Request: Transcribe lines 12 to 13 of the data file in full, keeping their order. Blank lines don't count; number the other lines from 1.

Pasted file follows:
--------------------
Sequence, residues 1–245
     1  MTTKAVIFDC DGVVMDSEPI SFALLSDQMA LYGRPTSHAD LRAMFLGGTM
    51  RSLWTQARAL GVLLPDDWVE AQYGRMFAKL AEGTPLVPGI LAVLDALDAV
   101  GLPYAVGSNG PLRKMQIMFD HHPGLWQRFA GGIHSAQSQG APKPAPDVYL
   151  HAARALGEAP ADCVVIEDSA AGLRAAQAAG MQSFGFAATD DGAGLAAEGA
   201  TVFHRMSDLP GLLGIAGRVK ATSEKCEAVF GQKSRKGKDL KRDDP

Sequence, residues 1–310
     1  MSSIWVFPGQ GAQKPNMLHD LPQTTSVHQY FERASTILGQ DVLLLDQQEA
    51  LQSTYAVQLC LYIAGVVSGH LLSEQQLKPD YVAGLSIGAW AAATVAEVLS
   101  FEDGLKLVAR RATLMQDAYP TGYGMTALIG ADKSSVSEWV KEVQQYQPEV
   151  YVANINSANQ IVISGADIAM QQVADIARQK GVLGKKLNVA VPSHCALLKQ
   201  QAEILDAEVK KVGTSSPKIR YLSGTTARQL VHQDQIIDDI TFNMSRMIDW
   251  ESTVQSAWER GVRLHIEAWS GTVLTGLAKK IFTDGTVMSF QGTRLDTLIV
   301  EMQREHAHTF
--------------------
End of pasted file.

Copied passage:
   201  QAEILDAEVK KVGTSSPKIR YLSGTTARQL VHQDQIIDDI TFNMSRMIDW
   251  ESTVQSAWER GVRLHIEAWS GTVLTGLAKK IFTDGTVMSF QGTRLDTLIV